Block.One’s New Social Media Site Will Do Identity Checks for Every User
Block.one is going to keep bots off its social media platform by checking the identity of every single user against a government ID, a source with direct knowledge of the product tells CoinDesk.
The company intends to have plenty of people to verify as well, the source said, with plans to spend aggressively on marketing. Block.one concluded a record $4 billion token sale in June 2018.
“What we’re aiming for is a truly self-sustaining economy of thoughts and ideas, where what’s good for the platform is good for the users, too,” CEO Brendan Blumer said at the announcement event for Voice on June 1 in Washington, D.C.
One of the main features of the new platform will be the certainty that everyone on it is real, Block.one said at Saturday’s unveiling.
Blumer told the room, “It’s never been more important to know that who we are interacting with and who we are getting information from is a real person who’s accountable for what they share.”
According to the source, Block.one is going to pay for identity verification on every single user, though the precise form those checks will take will vary by country. However, “It will require government IDs,” the source told CoinDesk.
This could be a major feature for Voice versus networks like Facebook and Twitter, which have each faced significant challenges with bots, disinformation and abuse.
With Voice, people “will realize how spammed out those other networks are,” the source said.
At the same time, however, identity checks could scare off users who prefer to maintain anonymity and the extremely privacy conscious, a group well represented in crypto.
At the launch event for Voice, Block.one cofounder and CTO Dan Larimer explained that the economy of Voice would be governed by the voice token.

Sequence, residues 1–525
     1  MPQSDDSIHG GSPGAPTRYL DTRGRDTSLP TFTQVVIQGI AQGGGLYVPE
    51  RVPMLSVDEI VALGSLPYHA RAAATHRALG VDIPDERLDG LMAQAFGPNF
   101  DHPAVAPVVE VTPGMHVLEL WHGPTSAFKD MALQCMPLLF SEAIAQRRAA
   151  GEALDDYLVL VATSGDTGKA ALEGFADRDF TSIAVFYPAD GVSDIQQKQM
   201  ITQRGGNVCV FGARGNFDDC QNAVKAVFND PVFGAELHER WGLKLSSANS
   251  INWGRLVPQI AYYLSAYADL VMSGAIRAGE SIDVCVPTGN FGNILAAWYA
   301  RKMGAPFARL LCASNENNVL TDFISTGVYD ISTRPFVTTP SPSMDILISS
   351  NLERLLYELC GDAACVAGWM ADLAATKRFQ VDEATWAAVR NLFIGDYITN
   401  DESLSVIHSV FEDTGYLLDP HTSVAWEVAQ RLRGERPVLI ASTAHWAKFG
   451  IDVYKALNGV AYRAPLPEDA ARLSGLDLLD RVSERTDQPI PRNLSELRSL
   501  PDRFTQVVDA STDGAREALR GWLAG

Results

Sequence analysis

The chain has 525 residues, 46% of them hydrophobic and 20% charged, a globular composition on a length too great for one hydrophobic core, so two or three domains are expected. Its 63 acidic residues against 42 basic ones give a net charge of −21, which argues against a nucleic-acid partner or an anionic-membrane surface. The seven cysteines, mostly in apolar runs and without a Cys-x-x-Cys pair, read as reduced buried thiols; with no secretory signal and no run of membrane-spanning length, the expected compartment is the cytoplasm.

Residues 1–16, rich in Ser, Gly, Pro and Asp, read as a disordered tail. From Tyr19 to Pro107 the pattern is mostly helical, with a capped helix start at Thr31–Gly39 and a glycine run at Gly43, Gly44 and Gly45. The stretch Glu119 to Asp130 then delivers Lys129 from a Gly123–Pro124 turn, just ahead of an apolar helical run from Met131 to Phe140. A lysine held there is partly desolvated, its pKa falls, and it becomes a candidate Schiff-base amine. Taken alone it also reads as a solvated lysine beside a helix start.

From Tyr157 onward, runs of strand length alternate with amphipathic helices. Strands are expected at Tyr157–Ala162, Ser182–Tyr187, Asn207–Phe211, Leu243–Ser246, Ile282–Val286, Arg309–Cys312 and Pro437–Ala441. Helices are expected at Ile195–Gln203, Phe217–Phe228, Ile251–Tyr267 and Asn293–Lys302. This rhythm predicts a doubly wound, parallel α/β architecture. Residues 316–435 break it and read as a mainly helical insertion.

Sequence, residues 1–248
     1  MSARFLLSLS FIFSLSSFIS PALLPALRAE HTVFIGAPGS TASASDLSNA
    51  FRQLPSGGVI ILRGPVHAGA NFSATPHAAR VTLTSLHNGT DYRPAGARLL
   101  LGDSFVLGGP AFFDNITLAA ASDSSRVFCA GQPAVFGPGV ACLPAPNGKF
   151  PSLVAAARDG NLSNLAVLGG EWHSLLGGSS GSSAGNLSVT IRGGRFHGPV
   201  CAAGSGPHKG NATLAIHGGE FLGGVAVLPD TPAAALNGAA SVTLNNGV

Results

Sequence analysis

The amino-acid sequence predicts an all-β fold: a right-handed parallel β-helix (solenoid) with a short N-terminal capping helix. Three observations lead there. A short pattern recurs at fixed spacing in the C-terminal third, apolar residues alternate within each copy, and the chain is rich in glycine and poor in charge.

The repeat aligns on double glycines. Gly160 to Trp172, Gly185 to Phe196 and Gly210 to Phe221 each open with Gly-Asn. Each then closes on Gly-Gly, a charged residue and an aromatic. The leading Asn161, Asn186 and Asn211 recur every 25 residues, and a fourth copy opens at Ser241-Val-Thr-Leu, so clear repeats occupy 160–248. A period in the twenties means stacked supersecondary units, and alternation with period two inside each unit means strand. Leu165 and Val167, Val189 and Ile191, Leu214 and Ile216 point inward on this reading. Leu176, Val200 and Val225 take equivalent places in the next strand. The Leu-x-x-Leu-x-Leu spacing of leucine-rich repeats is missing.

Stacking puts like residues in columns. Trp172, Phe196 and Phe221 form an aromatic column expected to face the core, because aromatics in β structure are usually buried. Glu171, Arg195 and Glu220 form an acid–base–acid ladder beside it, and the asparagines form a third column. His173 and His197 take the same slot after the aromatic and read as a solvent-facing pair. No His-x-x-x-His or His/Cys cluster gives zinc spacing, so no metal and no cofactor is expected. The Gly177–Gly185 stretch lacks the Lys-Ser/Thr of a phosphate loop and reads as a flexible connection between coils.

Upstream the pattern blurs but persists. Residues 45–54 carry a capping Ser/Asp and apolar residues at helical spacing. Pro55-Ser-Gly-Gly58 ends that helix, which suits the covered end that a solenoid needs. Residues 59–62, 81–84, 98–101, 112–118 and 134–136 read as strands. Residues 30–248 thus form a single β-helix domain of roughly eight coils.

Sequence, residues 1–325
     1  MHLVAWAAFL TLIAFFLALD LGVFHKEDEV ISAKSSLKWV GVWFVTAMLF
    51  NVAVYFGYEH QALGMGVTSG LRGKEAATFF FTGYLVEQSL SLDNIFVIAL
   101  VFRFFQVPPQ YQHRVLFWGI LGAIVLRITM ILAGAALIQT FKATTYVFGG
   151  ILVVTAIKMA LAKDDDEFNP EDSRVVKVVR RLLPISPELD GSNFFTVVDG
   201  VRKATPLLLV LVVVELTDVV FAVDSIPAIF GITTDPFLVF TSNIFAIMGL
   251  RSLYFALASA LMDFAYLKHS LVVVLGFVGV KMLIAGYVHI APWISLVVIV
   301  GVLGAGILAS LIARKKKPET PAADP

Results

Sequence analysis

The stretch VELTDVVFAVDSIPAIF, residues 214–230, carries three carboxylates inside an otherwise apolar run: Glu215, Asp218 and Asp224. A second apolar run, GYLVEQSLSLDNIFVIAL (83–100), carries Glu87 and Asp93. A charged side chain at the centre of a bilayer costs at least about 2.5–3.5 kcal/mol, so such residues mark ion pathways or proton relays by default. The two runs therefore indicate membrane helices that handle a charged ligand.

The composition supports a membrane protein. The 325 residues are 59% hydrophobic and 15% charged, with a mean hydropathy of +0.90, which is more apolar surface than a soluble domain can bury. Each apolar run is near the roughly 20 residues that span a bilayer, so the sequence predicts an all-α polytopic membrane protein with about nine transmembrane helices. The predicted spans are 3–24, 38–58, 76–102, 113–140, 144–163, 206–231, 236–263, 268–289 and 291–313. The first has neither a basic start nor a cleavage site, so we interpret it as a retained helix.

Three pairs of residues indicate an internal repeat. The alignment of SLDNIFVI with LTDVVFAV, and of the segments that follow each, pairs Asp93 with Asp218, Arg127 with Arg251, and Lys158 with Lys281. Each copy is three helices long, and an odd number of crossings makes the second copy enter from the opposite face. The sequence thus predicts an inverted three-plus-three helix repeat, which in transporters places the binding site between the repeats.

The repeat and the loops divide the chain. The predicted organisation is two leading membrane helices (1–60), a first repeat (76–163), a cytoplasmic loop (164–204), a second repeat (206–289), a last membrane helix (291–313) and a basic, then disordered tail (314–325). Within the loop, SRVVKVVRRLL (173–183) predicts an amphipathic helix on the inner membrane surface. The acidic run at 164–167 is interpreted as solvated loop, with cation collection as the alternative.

“We believe everyone deserves a voice. This is why the voice token has the fairest distribution in the world,” Larimer said Saturday.
While the precise details vary with each jurisdiction, every Voice user will receive tokens every day, the source with knowledge of the situation told CoinDesk. People can use their voice tokens to elevate their messages, if they so choose. As voice tokens get used on the platform, some go to content creators and some will be burned.
In that way, as the token supply expands each day, it will also contract as users take advantage of the site’s features, moderating the overall supply. The source did not disclose how large the supply of voice tokens would be or whether the total pool would grow with the network over time.
The hardest fight for any new social media project is to reach a large number of users.
The source told CoinDesk that Voice should be very attractive for influencers, because not only will they be able to monetize their following as brands pay them to engage with their products, but that paid content may also see a significant response from their followers.
In other words, if users engage with paid content, influencers will get paid twice.
Block.one plans to engage in a very aggressive marketing campaign to get this message out there. The source told CoinDesk the company is “planning a robust marketing campaign” that will require making use of “a lot” of the company’s capital.
Voice launch event image by Brady Dale for CoinDesk
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